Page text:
AUGUST 7, by Paula Schumann
The weather was perfect for tennis on Saturday afternoon at the Legg Mason Tennis Classic as the first semifinal singles match got underway inside the Stadium
Court. Marco Baghdatis (CYP) faced Xavier Malisse (BEL) in a match whose
outcome seemed anyone’s guess. There was no favorite and no underdog.
The stadium was still filling up as the match began with Malisse serving. He
held his serve easily and seemed calm and confident. Baghdatis got off to a shaky start when his service game went to deuce twice before holding. But as
things progressed you could see the two styles of play establish a certain rhythm
that would prevail throughout the match. Mallise played deep from the back of
the court, confident with his seemingly effortless ground strokes, and Baghdatis
worked from inside the baseline, coming in to take points at the net.
Baghdatis continued to rush the net, forcing errors from Malisse who started
to play a little more tentatively, and got an early break, then held his serve to
take the lead at 4-1. At 5-1, Malisse seemed to collect himself and rallied after
Baghdatis missed an easy overhead. This shot elicited a collective “oooh” from
the crowd as every tennis player in the stadium could relate. Malisse responded
with a down the line winner and held his serve for 5-2. Baghdatis served for
the set and held by putting away an almost identical overhead as the one he
missed in the earlier game. You could see in his face and his footwork, as he
was setting up to hit the shot, that this one was going to be a winner. It was, and
he took the first set 6-2.
Malisse served to open the second set and still seemed calm and focused. But
Baghdatis was in the zone, remaining consistent and allowing Malisse to make
his own errors. They continued with long rallies, ripping down the line shots and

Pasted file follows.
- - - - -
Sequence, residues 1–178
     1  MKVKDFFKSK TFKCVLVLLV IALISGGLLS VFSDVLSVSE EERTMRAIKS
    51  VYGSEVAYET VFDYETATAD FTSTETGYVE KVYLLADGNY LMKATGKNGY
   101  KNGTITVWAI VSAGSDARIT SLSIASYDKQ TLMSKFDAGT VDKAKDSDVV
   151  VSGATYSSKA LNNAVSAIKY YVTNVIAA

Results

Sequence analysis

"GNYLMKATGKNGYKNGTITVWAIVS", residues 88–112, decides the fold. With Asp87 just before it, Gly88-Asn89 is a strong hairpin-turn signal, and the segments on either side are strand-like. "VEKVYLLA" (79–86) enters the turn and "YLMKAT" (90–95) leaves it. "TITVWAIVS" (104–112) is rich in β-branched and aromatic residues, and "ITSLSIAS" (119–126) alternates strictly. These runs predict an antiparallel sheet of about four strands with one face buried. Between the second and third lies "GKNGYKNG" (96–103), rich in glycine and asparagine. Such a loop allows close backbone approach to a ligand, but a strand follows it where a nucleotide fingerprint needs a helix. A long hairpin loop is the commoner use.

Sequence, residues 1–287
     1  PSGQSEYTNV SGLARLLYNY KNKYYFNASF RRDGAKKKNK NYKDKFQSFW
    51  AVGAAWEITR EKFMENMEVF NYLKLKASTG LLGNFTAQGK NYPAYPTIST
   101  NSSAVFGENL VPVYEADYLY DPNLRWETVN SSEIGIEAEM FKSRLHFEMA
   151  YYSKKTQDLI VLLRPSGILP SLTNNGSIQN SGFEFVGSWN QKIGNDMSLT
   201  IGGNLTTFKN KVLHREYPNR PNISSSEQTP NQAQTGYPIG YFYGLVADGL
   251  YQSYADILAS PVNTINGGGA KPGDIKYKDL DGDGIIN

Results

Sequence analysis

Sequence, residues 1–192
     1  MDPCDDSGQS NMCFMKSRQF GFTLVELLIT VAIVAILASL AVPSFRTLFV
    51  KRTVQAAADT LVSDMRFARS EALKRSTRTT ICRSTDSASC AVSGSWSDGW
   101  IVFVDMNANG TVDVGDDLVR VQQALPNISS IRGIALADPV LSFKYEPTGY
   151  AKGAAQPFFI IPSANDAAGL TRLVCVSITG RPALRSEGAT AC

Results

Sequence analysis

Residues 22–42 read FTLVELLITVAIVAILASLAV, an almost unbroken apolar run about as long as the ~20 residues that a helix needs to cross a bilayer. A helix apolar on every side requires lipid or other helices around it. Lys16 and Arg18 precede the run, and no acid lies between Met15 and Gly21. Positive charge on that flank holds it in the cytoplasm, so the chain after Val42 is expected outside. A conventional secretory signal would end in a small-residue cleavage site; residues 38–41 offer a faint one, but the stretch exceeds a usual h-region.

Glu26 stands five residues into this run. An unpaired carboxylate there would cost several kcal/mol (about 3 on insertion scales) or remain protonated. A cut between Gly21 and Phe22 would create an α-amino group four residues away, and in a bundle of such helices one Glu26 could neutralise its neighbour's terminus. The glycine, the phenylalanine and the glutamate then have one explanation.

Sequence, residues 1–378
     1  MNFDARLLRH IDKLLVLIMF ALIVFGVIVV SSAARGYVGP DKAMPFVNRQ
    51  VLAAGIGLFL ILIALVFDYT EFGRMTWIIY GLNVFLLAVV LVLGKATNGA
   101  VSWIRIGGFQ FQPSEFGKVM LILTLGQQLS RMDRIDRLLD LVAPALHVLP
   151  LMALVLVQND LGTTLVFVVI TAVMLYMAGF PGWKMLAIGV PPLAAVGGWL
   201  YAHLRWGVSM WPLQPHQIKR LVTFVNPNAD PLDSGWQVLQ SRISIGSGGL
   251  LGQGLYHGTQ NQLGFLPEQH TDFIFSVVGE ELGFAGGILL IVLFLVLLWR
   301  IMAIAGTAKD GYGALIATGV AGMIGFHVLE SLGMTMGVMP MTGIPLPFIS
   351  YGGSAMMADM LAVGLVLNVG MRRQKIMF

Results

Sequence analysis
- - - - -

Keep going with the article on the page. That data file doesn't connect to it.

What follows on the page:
beautifully angled volleys. Still on serve at 2-1, Baghdatis served and Malisse
challenged two calls back to back, temporarily breaking Baghdatis’ rhythm. But
Baghdatis held and there suddenly appeared to be a slight crack in the calm
exterior of Malisse. He was shaking his head in apparent disappointment at
missed opportunities to take the lead. At 3-3, Malisse was audibly talking to
himself after making an unforced error, but managed to hold his serve. Both
players started to seem a bit affected by the driving sun, taking longer between
Baghdatis served next and just as the point ended, taking the score to deuce, he
dropped to the ground, clutching his lower leg and writhing in pain. The crowd
was on their feet at the suddenness of the turn of events. The trainer came out
and they called a medical time out. It was unclear what exactly had happened,
but soon Baghdatis was back up and on the court, the crowd cheering him on.
He served an ace and got the score back to ad in. He won the next point and
held serve at 4-4. The sun started to go behind an occasional cloud, giving the
players and the fans some periodic relief. At 5-5, Malisse served at ad out and
challenged an out call, which spot shot confirmed to be out. Baghdatis got the
break for the lead, 6-5. There had been a few complaints from players regarding
the accuracy of the shot spot, and again when a man behind me yelled out ,”Shot
spot stinks!” Malisse had no more challenges.
Malisse suddenly seemed fired up as he hit a forehand down the line winner,
grabbing the first point of the next game. Baghdatis followed up with a 122 mph
ace for 15-15. But Malisse went on to dictate play and managed to brake back